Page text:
Behe denied that this reasoning was tautological and compared the discernment of intelligently designed structures to observing the Sphinx in Egypt and concluding that it could not have been produced by non-intelligent causes. This is a winsome analogy with a lot of intuitive resonance, but it is hardly comparable to Gamow’s carefully derived prediction that the big bang would have bathed the universe in microwave radiation with a temperature signature of 3 degrees Kelvin.

After more than a decade of listening to ID proponents claim that ID is good science, don’t we deserve better than this?


Karl Giberson [the author of this piece] is editor in chief at Science & Theology News.


TOPICS: Culture/Society; Philosophy
KEYWORDS: crevolist; evochat; goddoodit; idjunkscience; idmillionidiotmarch; intelligentdesign
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To: Rudder
Should we just let anyone do science or surgery or rocket design? And why wait all those years plodding through high school and college, just to satisfy some smart elitist?

Nah, there a (sic) damned good reason that (sic) those pursuing such professions are intellectually endowed.

Evidently that endowment does not include facility in written English. Perhaps such skills are reserved for the ignorant unwashed masses.

141 posted on 12/05/2005 8:29:01 AM PST by catpuppy
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To: Fester Chugabrew
"Who is Charles Krauthammer?"

Google is your friend.
142 posted on 12/05/2005 8:29:52 AM PST by CarolinaGuitarman ("There is a grandeur in this view of life...")
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To: catpuppy
>Should we just let anyone do science or surgery or rocket design? And why wait all those years plodding through high school and college, just to satisfy some smart elitist?

>Nah, there a (sic) damned good reason that (sic) those pursuing such professions are intellectually endowed.

Evidently that endowment does not include facility in written English. Perhaps such skills are reserved for the ignorant unwashed masses.

Congratulations. You've done a nice job of making a strawman argument over grammatical errors in order to dodge the content of the argument. I guess that makes you the elitist.

143 posted on 12/05/2005 8:34:46 AM PST by Antonello
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To: pby
Darwin was a doctor with a completed medical degree?

I don't believe he ever received a medical degree even though he was commissioned as the ships after there was some problem with the original ships physician. He did attend medical school at 16 for two years but did not like the subject matter and it is not clear if he received any certification. He later received certification or a degree in theology. His advance study was Botany but a degree was not offered at the time.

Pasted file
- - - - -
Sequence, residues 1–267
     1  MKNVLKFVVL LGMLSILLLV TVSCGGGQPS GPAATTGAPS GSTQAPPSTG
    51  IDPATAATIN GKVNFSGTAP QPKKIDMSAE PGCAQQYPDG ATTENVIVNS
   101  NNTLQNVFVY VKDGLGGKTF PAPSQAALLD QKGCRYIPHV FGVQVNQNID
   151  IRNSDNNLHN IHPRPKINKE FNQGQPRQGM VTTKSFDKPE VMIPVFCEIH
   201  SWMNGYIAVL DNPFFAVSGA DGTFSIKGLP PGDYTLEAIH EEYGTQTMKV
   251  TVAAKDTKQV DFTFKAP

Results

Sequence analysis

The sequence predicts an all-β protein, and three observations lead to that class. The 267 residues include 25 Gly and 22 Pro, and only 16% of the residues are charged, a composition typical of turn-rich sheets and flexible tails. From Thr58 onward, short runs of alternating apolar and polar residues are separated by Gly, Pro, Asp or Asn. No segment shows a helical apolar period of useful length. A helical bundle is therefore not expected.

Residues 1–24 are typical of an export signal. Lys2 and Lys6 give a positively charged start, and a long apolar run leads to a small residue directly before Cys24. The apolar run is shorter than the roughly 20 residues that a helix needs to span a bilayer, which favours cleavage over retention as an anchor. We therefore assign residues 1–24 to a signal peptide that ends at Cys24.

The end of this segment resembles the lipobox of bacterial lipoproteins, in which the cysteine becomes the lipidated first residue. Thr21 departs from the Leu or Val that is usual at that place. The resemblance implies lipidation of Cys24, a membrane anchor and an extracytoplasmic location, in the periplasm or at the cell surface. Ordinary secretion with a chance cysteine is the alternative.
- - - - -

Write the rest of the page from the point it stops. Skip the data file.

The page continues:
144 posted on 12/05/2005 8:35:58 AM PST by jec41 (Screaming Eagle)
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To: Snowbelt Man
i don't presume that homosexuality is genetic. in fact, like all other behavior, i believe that it's chosen.

I was speaking hypothetically, to answer his question. Thought I had made that clear.

thanks for the explanation. it seems this recessive trait is becoming more and more prevalent - at least in post Christian europe and america.

I'm pretty sure that the percentages are about the same historically. More likely, what you see as an increase is a combination of increased access to media for all types of people via the Internet and the fact that people just feel less compelled to keep it to themselves.

145 posted on 12/05/2005 8:37:20 AM PST by highball ("I find that the harder I work, the more luck I seem to have." -- Thomas Jefferson)
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To: Rudder
Ping to Rudder since I stepped in on your discussion.
146 posted on 12/05/2005 8:38:51 AM PST by Antonello
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To: JeffAtlanta

just a question that puzzled me since those who say that homosexuality is genetic and not a behavior choice are also usually strong evolutionists. it would seem to me that this gene would be getting less prevalent not more prevalent as the human species continues to evolve but apparently that's not necessarily the case. hopefully, it won't continue to multiple to such an extent that the whole human race is homosexual - although that would solve the "population explosion" problem and alleviate the need for so many abortions.